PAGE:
The Great Firewall of China - TOP 10 Websites Blocked in China
The Great Firewall of China – TOP 10 Websites Blocked in China

Also referred to as The Golden Shield, the project is a responsibility of The Ministry of Public Security (MPS).

The Great Firewall of China is controversial in that, while many see it as a human rights violation and causing international trade barrier, other regimes like Turkey, Cuba, Belarus, Zimbabwe, and Iran among others have admired and modeled on the technology.

In this piece, we not only delve deep to provide a thorough examination of the technical and historical aspects of The Great Firewall of China but also look at the role played by the leading VPN service providers to counter the project. We also share with you a list of the Top Ten blocked sites.

Historical Aspects Of The Great Firewall Of China

The Great Firewall of China is a massive surveillance and censoring project that got its inspiration from the great Deng Xiaoping’s saying “If you open the window for fresh air, you have to expect some flies to blow in.”

In the year 1997, The National People’s Congress (the sole legislative body in China) enacted the CL97 legislation that criminalized cybercrime in China. The CL97 law broadly classified cyber-crime to include crimes that target computer networks and crimes that are carried out over computer networks.

Great Firewall ChinaThe state Council is China’s administrative body tasked with the determination of what falls under the ambit of the law, and its decision does not require the approval of the NPC. It is the latter definition of CL97 “crimes carried out by computers” as regards cyber-crime that the government of China uses to justify its Great Firewall.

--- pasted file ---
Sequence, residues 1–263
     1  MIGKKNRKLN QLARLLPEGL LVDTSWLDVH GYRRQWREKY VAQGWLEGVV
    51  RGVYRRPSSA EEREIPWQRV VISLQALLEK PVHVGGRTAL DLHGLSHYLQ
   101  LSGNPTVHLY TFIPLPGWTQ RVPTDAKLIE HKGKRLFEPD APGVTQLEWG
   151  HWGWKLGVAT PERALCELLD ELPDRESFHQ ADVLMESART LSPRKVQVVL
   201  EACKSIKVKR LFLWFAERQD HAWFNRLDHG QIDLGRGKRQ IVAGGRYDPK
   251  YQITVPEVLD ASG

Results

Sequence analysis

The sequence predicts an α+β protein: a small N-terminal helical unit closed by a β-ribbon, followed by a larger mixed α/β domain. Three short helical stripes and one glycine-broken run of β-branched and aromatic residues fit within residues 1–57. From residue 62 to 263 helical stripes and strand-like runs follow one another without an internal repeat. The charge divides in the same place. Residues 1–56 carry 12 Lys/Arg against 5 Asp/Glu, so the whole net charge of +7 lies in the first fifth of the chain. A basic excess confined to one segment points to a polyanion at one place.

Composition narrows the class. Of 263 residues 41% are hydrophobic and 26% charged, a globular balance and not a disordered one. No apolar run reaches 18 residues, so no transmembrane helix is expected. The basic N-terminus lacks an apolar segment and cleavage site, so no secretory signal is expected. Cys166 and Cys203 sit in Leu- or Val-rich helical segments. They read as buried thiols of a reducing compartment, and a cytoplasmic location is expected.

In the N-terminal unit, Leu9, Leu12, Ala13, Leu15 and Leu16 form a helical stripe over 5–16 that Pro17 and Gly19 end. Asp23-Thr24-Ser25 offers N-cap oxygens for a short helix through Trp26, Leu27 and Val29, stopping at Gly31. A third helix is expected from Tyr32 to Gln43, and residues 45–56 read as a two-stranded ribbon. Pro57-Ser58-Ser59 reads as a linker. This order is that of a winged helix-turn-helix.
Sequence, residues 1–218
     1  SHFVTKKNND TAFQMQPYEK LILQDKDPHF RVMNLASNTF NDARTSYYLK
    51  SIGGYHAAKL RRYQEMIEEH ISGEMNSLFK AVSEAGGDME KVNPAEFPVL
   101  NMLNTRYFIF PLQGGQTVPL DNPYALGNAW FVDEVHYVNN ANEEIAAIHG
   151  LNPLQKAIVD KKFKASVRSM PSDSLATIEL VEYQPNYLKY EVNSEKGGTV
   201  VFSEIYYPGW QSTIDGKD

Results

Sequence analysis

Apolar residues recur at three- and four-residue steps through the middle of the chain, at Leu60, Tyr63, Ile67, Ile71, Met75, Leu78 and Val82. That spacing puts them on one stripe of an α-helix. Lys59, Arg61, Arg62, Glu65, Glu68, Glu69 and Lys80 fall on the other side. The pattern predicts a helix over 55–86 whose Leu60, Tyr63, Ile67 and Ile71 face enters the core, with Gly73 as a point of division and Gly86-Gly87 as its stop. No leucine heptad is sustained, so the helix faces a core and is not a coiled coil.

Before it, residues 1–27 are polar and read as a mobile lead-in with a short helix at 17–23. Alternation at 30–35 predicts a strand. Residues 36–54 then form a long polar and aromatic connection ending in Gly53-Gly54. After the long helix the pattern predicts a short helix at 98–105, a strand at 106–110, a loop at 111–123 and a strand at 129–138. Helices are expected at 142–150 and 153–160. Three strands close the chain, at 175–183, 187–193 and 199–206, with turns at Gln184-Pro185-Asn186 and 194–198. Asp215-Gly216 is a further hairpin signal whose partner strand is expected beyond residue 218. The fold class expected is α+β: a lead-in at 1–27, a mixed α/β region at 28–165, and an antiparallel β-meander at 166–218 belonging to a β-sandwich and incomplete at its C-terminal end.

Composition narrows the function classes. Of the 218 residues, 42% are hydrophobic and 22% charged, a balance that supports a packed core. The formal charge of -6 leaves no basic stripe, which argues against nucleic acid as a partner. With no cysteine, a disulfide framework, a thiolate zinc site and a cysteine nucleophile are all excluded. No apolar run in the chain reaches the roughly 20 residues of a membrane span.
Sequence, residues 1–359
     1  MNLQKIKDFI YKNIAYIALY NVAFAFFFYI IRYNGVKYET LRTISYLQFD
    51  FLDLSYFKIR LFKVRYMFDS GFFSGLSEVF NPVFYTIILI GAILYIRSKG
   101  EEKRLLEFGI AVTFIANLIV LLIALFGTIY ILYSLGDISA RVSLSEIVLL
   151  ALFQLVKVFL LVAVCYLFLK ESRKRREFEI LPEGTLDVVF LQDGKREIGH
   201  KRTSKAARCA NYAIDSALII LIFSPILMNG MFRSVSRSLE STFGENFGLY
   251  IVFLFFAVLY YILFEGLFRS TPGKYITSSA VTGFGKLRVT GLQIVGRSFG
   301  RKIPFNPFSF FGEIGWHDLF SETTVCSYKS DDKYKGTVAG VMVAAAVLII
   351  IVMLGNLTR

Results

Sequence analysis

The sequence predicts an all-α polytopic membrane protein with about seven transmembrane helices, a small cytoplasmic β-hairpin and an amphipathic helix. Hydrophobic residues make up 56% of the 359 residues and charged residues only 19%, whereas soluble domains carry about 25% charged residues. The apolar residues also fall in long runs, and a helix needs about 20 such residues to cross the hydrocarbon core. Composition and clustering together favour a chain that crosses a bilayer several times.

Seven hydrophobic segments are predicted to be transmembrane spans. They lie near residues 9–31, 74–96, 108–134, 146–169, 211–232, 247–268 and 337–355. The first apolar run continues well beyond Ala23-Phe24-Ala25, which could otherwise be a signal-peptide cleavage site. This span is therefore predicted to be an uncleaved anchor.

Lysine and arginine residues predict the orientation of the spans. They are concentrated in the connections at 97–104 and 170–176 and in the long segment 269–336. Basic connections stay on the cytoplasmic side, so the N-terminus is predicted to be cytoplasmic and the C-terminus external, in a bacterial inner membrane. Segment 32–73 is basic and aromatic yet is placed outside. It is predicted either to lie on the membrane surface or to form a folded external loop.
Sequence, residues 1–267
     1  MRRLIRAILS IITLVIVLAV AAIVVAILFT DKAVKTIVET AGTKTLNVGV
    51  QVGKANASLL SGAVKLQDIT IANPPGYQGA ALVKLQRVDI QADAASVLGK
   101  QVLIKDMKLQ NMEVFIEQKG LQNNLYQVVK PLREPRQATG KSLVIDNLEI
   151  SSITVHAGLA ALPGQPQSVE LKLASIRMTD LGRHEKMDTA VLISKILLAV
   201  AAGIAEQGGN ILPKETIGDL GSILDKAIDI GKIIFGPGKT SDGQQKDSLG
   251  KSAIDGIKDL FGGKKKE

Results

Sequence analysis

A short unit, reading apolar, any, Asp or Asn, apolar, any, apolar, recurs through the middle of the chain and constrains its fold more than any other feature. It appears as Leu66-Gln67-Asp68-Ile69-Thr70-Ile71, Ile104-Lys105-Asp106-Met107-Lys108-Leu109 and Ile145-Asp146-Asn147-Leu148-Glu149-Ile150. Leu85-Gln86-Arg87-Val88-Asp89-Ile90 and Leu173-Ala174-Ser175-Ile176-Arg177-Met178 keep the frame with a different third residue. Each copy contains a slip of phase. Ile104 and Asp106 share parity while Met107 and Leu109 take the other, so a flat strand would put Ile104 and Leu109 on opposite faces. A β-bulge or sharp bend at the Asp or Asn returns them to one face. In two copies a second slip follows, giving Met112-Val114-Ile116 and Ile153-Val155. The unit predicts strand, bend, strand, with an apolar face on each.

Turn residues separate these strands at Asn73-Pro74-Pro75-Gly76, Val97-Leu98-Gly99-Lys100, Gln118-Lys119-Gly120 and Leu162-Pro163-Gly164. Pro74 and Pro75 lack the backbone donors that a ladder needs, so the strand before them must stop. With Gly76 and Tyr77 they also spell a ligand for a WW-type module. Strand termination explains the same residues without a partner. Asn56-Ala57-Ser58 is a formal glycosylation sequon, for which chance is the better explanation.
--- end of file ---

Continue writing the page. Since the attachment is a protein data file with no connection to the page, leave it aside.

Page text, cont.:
The state council also defines CL97 law as to include distribution of information considered “harmful to National Security’” as well the distribution of information that is “harmful to public order, social stability, and Chinese morality.”

The year 2003 saw the Chinese government embark on the Golden Shield Project that involved the creation of a massive surveillance and censorship system with the help of western based companies.

The American based Cisco provided routers and Firewalls, Motorola provided wireless communication devices as the Canadian telecommunication giant Nortel played a fundamental role in the implementation of Great Firewall of China project.

In 2008 the government of China embarked on “Operation Tomorrow” aimed at curtailing the youth’s use of internet cafes to view content declared illegal as well as to play video games.

Internet café owners are required to register their entire customers in logs which are confiscated by the authorities at will. In China, youths under the age of 18 are not allowed in cyber cafés. The ban has resulted to the insurgence of underground “Black Web Bars.”

The Chinese government has used the Firewall to filter content and decide what its citizens can view and what they cannot. The firewall has been effective in blocking entire websites among them Facebook, YouTube, Twitter, and Yahoo.

Here you can find a list of websites both blocked and still working in China.

Technical Elements That Comprise The Great Firewall of China

The Great Firewall project continues to improve its censoring techniques by employing multiple methods.

China goes beyond blocking individual websites by applying techniques to scan URLS as well as web content pages for keywords that are blacklisted, thereby blocking such traffic.

The Firewall helps China to control the Internet Gateways where traffic moves between China and the rest of the world.

Methods used by the Chinese government to censor content

IP blocking

IP address blocking is among the easiest Great Firewall of China censorship process that involves dropping packets destined to blacklisted IP addresses by peering with gateway routers of ISP’s in China.

China injects IP blacklist via BGP (Border Gateway Protocol) using null routing. Null routes for destinations of a blacklisted IP address are transmitted into the network thereby forcing routers to drop all the traffic that is destined to the blocked IP address.

Though null routing blocks the outward bound traffic while allowing the inbound one, it is effective in blocking websites as most internet communication can only establish with a two-way interaction.

IP blocking is easy to implement as it is a minor burden for ISP’s and no special devices are required.

IP blocking has its share of weaknesses: